When I lived in a condominium complex in the mid-90’s, I don’t think I gave much thought to fire safety.  I remember hearing the fire alarm in the middle of the night and going out to my balcony to see if I could smell smoke.  If not, it must be a false alarm.  That seems CRAZY to me now.  Luckily, I lived in a fairly safe building.  The stair doors and the cross-corridor doors were never propped open.  The unit entry doors had spring hinges so they didn’t close as reliably as if they’d had closers, but thankfully we never had a fire while I lived there.  Someday when I’m helping my oldest daughter look for her first apartment, you can bet that I won’t be as lax about fire safety.  I may just zip her up in a flame resistant jumpsuit before I send her off to college.  🙂

Every time I see an apartment fire on the news now, I think about whether the fire doors had any impact.  Were they working properly and able to compartmentalize the building?  Could a fire door inspection and the repair of any deficiencies have protected the means of egress and allowed the tenants to escape?  If you aren’t convinced that apartments are at high risk for fires, just go to Google News and type in apartment fire.  Or check out these stats from the NFPA:  Apartment Structure Fires By Year.  According to the NFPA, there were 90,000 apartment fires in 2009, resulting in 465 deaths, 3,350 injuries, and $1,225,000,000 in damage.  Wow!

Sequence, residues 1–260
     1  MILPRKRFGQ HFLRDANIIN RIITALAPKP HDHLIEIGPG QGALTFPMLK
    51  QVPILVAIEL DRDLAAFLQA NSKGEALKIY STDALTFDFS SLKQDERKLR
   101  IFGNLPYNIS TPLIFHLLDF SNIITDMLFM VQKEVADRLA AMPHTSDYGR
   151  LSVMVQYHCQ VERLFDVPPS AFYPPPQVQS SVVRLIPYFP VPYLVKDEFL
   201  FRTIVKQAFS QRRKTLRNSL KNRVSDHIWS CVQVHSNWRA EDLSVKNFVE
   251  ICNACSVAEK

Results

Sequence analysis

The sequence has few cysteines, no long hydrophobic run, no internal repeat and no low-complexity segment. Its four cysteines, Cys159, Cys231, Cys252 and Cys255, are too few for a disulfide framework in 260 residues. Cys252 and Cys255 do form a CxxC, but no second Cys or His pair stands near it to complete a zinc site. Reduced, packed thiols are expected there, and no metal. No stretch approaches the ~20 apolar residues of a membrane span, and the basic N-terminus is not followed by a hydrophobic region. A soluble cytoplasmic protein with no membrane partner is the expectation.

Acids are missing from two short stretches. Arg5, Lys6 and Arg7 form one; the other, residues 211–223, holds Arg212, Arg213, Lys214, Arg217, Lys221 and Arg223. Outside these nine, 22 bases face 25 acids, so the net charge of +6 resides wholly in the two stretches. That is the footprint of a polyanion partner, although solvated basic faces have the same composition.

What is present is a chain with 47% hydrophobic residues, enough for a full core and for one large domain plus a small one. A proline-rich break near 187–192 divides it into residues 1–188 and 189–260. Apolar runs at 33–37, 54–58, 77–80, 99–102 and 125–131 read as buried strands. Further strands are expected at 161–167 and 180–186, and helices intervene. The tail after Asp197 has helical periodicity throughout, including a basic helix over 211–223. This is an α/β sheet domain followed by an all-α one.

There was an explosion followed by a fire at this apartment building in Woodstock, Ontario last Sunday morning.  Sadly, two elderly residents are still missing.  Based on the explosion it’s unlikely that fire doors could have protected those living in the area of the explosion, but they may have helped to protect the rest of the building to allow the escape of other residents.

Oxford Sentinel ReviewEverything is gone
“There was smoke rising from where the elevator shaft used to be. I stared at it in complete disbelief,” he said. “Everything up to the fire doors was intact. Beyond that there was nothing.”  Culp said the force of the explosion forced his door open and ripped the deadbolt right off of the steel frame.

Other Stories:

CBC NewsWoodstock apartment blast leaves 2 still missing

London Free PressWoodstock Fire:  The investigation begins

Photo:  CBC News

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